Swedish Mail Order Still Cautious About WebSTOCKHOLM - Swedish mail order companies sold goods worth about 500 million crowns, or $55 million, on the Web last year, some 6 percent of their sales and double the 1998 total.
"All of Sweden's mail order houses are online," said Lennart Heljesson, the head of the Swedish Mail Order Association, a group with 46 members including online-only book seller bokus.com.
Other media and publishing companies, however, are wary of the Internet and use their Web sites as prospecting and information disseminating vehicles rather than for sales.
Sweden is the hub for Scandinavian mail order sales, Heljesson said, explaining that Swedish companies are the main players in the other three Nordic countries -- Norway, Denmark and Finland.
He added that most majors are foreign-owned with France's La Redoute the largest, because of its purchase several years ago of Ellos, Scandinavia's largest mail order house.
Other non-Scandinavian players include Yves Rocher, a French cosmetics company and the United Kingdom's Great Universal Stores.
Home delivery of product is still a problem in much of Scandinavia. The Danish Post delivers to homes, and the Swedish Post has begun to do so. But it charges extra.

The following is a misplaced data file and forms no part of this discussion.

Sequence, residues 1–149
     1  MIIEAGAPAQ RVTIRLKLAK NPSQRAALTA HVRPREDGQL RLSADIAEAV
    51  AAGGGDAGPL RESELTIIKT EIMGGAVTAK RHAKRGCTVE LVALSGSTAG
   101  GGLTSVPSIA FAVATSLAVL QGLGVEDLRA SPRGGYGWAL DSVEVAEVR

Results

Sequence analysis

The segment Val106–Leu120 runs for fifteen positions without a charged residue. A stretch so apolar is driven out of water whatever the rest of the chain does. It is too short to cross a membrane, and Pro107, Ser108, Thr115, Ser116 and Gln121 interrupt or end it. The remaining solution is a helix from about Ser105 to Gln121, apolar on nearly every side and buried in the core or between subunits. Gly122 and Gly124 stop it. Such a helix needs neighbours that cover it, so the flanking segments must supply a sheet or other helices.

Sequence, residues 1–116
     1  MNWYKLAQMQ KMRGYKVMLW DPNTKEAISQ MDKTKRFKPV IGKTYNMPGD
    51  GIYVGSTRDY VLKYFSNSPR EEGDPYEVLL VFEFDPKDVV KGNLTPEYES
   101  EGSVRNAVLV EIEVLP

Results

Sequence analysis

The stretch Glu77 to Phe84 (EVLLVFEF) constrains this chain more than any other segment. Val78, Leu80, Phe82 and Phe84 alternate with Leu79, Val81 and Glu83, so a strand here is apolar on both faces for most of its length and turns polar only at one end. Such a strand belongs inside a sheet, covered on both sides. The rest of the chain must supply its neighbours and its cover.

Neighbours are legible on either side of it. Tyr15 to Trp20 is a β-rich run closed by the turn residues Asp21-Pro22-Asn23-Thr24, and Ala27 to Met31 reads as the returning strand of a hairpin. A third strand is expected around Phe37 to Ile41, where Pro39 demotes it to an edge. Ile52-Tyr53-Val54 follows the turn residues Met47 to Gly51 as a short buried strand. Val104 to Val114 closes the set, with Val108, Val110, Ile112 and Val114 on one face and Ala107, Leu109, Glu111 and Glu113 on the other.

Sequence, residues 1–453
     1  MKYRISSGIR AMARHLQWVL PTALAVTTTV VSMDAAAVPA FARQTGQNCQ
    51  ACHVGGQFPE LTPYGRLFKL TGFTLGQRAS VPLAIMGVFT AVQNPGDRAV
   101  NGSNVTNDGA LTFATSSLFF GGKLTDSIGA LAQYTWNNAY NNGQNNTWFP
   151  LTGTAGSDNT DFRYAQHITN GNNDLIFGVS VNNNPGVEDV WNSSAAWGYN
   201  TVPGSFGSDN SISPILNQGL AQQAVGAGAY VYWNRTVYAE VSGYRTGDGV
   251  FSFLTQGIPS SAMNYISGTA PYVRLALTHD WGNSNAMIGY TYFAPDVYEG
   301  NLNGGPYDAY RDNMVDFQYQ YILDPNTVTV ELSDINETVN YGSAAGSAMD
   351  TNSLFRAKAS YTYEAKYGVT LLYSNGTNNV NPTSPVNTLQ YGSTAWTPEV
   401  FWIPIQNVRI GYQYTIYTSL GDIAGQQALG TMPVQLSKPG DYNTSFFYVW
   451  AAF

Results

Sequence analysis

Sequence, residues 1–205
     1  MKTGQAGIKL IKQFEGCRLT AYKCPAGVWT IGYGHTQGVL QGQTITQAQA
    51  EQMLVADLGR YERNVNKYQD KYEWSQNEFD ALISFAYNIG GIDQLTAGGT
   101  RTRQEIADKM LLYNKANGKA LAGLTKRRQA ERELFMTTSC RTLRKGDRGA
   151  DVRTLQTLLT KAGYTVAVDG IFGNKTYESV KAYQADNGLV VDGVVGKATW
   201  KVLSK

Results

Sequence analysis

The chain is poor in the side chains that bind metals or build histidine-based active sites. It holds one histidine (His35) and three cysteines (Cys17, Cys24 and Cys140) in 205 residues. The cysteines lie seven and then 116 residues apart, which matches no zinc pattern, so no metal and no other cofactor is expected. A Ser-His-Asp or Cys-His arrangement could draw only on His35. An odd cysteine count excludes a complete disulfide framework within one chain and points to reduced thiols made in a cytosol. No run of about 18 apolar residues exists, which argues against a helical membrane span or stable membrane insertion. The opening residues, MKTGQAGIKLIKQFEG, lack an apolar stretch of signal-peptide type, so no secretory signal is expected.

Add mail order house service charges, and home delivery is too expensive for many Swedes who prefer to go to the post office or pick up goods at gas stations or service shops.
"Change is coming, but it is slow." Heljesson said about Swedish Post's tussle with home delivery, the one weak spot in an otherwise modern operation that was privatized well ahead of others in Europe.
Swedish Post moved first to the Internet, setting up its own portal, Torgut, in the mid-nineties and changing it into the country's most popular online shopping mall in 1999.
Mail order companies have been among its major users. Most mail order association members have sites on Torgut where they offer "a full range of merchandise."
Still, Heljesson does not see the Internet as a competitor, at least not yet. "Some sites are not doing a good job because they are not professional enough in terms of logistics and customer service."
As a result, he added, customers don't buy twice from them. "A lot of them shoot from the hip and are amateurs."